grand victoria

Between the City of Elgin and the Casino, Festival Park is always in great shape, there’s enough space to move around, there were enough porta-potties, the concessions lines never got too bad and the memorabilia and food prices weren’t ridiculous, either.

I picked up an Carl Palmer autographed  ‘Brain Salad Surgery’ LP for just 30 bucks and a really nice 100 percent cotton embroidered Yes baseball cap for $25. A bottle of water was only $2 and a Mike’s Hard Lemonade was just seven bucks.

Meanwhile, a light beer was $13 at the Soldier Field U2 concert.

Best of all, the sound was virtually perfect, and that’s a real bonus when you’re listening to an intricate band like Yes.

The 3,500 person crowd was great, too. Happy, polite, considerate and we old folks actually got to sit throughout the entire show.

I wish the GVC would put on more concerts, especially those of the classic rock variety, but I’ll take whatever I can get. Perhaps if the state of the State of Illinois ever improves, they’ll finally get that permanent stage.

But for now, here’s to people who know how to put on a concert!

 

 The EPD was great

Yes! (Pun intended!) The acts have to be good, the venue has to work and the sound system is important too. But a great police presence puts the icing on the concert cake, and those find EPD folks somehow strike the balance between making their presence known, but not deterring anyone from having a good time.

EPD

To wit, the EPD:

·         Makes it so easy to get in and out of the park.

·         Regularly smiled and greeted concert goers.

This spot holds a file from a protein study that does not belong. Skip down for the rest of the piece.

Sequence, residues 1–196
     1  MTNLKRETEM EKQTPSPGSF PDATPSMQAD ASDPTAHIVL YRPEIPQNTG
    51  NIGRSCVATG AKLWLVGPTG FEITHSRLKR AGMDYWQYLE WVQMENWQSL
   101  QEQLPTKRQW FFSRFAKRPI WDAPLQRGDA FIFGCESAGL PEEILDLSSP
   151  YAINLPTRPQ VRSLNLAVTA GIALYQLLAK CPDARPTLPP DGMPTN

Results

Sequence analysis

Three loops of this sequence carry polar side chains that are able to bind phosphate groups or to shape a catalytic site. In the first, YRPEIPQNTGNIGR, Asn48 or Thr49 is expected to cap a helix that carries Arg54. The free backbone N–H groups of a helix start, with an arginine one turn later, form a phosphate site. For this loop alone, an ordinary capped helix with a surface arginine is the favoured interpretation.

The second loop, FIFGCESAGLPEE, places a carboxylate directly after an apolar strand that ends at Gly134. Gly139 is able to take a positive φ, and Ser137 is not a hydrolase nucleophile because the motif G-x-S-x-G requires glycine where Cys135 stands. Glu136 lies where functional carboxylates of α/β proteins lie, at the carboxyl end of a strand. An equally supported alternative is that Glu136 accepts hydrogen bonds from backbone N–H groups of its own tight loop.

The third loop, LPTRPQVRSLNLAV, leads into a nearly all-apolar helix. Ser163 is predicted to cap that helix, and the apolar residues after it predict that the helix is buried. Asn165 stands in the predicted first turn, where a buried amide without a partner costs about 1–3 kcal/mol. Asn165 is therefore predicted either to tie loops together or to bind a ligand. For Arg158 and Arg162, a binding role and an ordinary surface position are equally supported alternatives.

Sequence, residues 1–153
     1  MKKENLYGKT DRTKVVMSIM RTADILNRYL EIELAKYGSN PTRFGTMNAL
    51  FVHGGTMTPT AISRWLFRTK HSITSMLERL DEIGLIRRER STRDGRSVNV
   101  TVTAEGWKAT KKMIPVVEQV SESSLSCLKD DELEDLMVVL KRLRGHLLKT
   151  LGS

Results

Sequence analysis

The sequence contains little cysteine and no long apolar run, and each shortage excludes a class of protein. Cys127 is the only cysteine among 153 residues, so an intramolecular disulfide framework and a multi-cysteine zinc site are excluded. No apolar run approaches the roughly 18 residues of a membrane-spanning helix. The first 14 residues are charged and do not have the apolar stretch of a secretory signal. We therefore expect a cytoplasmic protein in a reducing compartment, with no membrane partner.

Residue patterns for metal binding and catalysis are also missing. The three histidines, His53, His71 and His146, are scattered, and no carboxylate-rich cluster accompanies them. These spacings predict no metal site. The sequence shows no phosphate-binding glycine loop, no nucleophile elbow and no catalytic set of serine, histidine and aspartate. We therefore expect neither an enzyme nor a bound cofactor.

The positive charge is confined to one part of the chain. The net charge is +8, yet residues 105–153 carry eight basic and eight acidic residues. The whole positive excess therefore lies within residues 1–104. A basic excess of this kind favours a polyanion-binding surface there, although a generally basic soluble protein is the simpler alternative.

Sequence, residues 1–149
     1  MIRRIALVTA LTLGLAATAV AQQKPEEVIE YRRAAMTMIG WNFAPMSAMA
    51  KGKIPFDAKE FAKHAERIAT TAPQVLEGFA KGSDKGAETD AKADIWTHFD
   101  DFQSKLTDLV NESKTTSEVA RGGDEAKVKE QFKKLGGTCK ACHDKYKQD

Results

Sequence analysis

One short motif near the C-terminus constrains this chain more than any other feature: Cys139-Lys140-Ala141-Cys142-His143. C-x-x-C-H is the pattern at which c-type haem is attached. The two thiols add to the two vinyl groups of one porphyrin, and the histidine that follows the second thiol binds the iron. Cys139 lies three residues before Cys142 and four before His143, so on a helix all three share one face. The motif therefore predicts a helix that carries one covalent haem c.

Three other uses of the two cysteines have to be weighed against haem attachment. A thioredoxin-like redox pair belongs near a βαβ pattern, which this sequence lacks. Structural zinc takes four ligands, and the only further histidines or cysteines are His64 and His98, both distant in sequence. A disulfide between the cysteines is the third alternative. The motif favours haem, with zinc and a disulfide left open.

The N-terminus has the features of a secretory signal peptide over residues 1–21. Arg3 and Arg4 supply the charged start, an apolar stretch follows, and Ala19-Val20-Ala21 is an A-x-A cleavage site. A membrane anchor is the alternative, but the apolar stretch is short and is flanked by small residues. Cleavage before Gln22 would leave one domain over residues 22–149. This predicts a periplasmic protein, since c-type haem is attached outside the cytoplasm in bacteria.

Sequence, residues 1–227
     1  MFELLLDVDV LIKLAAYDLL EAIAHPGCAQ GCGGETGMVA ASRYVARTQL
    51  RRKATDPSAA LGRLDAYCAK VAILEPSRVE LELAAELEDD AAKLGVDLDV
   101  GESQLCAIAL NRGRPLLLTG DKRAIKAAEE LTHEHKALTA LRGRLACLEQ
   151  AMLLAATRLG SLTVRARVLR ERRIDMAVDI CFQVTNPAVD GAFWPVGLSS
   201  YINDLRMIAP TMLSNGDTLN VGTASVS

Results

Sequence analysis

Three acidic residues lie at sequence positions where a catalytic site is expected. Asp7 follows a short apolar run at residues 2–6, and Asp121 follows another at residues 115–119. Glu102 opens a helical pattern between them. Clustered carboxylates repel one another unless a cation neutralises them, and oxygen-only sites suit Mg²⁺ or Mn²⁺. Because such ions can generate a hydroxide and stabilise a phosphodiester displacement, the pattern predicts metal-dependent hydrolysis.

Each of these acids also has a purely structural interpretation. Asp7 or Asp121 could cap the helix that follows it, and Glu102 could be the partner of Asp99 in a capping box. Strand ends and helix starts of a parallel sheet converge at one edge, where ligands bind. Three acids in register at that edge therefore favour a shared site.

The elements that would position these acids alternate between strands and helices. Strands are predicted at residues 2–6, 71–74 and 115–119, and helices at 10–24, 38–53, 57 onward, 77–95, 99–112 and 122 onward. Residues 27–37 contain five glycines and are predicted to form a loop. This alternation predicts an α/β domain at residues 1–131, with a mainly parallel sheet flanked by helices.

·         Always responded to a cheery “Hello!” in kind.

·         Were circumspect about dealing with folks who may have had one too many

Best of all, though they don’t make it obvious, a trained observer can see their constant vigilance as they survey the crowd for any signs of trouble.

Look! We all know that you can’t cross the street without the potential for being a victim of a terrorist attack these days. And after Manchester, we know that going to any concert carries a certain risk.

But when you combine a police force that understands they can’t be perfect, with a crowd that appreciates their efforts and is willing to take that risk, it doesn’t get much better than that.

 

Let’s not forget the City of Elgin

For example:

  • Parking is plentiful, simple, safe and free!
  • There are enough officers and community service officers on hand to do the job.
  • They clearly work hand-in-hand with the casino folks for smoother sailing.
  • They understand exactly what these events do for the local bars and restaurants.
  • The noise limitations are more than reasonable
  • They understand we’re all there to have a good time.

I’ll keep on saying it! These GVC/Festival Park concerts are a win-win situation for everyone!

One thought on “Quick Hits – The concert critic version!

  1. Because an internet search of the band “Yes” shows it to have been a composite band with about 75 artists being “members” of it over the years, when you bought your ticket, how did you know what you were actually “buying?”